Participating restaurants and bars include: Astelena, Atari, Bergara, Bernardo Etxea, Bodega Donostiarra, Bokado – San Telmo, Café de la Concha, Casa Alcalde, Dardara, Iombi, Iturrioz, Kata 4, Kota 31, Mesón Martín, Pagadi, Pincel, Rojo & Negro, Sport, Txalupa y Txuleta.

City wide pintxo fun for everyone! Chime in if you’ve had the chance to try it.

#ssrestweek: Gran Sol

The first San Sebastián Restaurant Week has officially come to an end.

I’ve seen some of the numbers, and there were tons of people dining out for 25 euros at some of the city’s most respected restaurants.

But in my opinion, one of the best part parts of SSRW was getting out to the neighboring towns’ restaurants that I’d never try otherwise.

Here are some photos of our meal at Gran Sol, the restaurant. This restaurant and pintxo bar, featured in the New York Times,  is under Bixente Muñoz.  Both are worth a try should you end up in the small, beautiful town of Hondarribi.


Rollito de verdura | Vegetable Roll


Nuestro milhojas de foie , manzana y queso caramelizado con salsa de mosto reducido a la mostaza antigua | Foie, apple and cheese mille-fuille with stoneground mustard grape reduction


Gazpacho de tomate, con tomate a la plancha con mousse de cabracho al aroma de limon , com pescado marinado | Grilled tomato with lemon-infused scorpionfish mousse and tomato gazpacho


Taco de bacao confitado a baja temperatura con piperrada, patatas panaderas y salsa morron and  Entrecot con patatas fritas y pimientos | Confit cod with piperade, potatoes a la boulangere, and red pepper sauce and Beef filet with fried potatoes and peppers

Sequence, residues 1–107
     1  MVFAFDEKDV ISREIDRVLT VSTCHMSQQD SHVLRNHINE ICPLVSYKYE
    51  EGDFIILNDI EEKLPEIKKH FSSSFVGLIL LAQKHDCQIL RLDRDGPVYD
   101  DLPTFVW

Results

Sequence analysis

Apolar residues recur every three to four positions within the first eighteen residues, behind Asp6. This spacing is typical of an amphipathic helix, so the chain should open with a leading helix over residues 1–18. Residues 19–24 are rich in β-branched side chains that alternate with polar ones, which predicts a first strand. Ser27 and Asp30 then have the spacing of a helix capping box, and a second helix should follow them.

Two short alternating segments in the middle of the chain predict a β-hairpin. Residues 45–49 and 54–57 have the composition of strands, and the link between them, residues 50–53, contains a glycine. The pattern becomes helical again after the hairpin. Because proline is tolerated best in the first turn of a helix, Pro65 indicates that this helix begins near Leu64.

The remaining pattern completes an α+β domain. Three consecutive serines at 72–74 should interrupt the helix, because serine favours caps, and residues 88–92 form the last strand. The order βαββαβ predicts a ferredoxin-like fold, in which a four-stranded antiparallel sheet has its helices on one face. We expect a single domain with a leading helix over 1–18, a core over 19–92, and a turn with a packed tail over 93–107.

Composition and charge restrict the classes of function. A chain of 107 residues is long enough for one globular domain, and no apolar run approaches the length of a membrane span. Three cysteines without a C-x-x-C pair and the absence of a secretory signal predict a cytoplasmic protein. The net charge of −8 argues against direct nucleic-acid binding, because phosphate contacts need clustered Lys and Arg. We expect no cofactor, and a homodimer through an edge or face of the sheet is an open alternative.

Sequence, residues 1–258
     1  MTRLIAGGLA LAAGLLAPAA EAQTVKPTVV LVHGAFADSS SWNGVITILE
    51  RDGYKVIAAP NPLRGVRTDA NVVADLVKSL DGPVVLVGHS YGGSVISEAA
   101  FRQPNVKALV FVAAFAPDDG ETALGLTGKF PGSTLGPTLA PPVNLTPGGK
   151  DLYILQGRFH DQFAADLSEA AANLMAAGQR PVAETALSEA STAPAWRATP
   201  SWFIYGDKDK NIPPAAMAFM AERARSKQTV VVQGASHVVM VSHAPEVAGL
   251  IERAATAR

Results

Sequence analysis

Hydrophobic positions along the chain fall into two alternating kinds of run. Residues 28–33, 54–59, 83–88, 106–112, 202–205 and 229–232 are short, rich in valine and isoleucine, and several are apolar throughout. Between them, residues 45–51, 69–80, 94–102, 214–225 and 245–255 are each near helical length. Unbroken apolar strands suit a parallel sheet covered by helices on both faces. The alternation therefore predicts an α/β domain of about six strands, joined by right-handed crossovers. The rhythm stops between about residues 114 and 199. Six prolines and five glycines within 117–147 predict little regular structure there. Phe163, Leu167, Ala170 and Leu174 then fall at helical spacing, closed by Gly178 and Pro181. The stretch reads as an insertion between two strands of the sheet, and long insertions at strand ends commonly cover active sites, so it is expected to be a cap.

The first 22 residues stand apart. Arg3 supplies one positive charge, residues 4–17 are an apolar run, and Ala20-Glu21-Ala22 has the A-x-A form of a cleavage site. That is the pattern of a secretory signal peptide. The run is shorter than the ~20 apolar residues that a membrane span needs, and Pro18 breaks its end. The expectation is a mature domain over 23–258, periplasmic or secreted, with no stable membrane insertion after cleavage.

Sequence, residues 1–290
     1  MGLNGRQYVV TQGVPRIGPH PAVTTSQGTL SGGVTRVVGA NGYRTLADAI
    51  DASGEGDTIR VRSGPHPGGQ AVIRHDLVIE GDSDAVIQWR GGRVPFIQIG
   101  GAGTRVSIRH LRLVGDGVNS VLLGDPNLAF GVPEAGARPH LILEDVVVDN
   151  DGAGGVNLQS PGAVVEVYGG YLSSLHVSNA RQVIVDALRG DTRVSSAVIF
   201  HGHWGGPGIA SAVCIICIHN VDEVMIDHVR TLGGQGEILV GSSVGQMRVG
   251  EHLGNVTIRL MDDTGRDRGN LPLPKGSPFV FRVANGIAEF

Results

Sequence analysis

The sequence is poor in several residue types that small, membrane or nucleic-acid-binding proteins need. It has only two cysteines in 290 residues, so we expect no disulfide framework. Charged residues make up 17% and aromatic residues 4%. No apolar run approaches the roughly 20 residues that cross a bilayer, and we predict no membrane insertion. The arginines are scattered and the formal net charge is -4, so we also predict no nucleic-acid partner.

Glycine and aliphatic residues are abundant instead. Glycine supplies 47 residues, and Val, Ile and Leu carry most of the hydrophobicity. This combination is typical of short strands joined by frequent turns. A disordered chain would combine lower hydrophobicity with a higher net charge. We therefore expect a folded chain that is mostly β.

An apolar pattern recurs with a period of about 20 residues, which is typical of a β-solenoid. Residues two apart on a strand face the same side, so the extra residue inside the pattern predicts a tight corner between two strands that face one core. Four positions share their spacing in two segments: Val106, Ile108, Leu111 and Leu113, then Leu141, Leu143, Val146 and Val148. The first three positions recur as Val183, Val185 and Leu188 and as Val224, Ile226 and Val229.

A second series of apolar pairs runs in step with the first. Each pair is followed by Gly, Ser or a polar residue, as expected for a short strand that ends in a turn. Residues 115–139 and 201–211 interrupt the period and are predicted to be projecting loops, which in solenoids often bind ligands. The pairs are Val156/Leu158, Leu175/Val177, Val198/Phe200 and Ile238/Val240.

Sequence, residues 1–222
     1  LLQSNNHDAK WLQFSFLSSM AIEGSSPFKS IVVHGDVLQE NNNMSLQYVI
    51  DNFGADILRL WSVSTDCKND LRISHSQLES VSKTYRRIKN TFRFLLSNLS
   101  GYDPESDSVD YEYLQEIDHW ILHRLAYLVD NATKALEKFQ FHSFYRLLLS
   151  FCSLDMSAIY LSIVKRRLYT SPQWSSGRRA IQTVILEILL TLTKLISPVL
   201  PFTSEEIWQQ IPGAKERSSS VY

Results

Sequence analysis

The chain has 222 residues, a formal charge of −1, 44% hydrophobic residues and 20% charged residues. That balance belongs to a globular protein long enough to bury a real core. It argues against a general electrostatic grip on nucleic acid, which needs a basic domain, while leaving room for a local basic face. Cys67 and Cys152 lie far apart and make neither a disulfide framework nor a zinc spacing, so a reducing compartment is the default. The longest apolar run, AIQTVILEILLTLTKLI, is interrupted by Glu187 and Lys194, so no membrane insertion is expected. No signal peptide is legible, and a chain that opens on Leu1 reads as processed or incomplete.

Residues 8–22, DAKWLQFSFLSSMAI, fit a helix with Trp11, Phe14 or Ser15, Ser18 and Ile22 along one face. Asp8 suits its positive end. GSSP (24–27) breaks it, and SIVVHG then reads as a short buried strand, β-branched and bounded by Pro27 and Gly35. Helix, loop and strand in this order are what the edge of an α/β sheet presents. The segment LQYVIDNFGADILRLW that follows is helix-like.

And finally, where Gran Sol really shone, the desserts. You could tell these were housemade, which is actually pretty rare here in culinary paradise.


Tarta crujiente a los tres chocolates | Chocolate Tarte


Tarta de queso | Cheesecake.

The grand finale, one of the best I’ve had anywhere in País Vasco.

#ssrestweek: the ‘revuelto’

San Sebastián Restaurant Week lasts two more days…two more days of 25 euro prix fixe menus at an impressive roster of restaurants around town.  The menus range from traditional to innovative, always with a touch of seasonality.


One recurring dish at several of the restaurants was the revuelto. To American eyes it is basically a creamy scrambled egg, but it is a legitimate first course dish here in Basque Country.   There are several variations, and this time of year it’s common to see them with xixas, a local prized wild mushroom.  The above photo is from Narru‘s menu, a revuelto with xixas and white asparagus.


This, meanwhile, is the revuelto of mushrooms from Marina Berri in neighboring Zumaia.  As you can see, the presentation is different but the idea the same.

The revuelto also made an appearance on the menu at Dolarea, in Beasain. It was incredibly creamy, with fish and crispy potato sticks.  Incredible.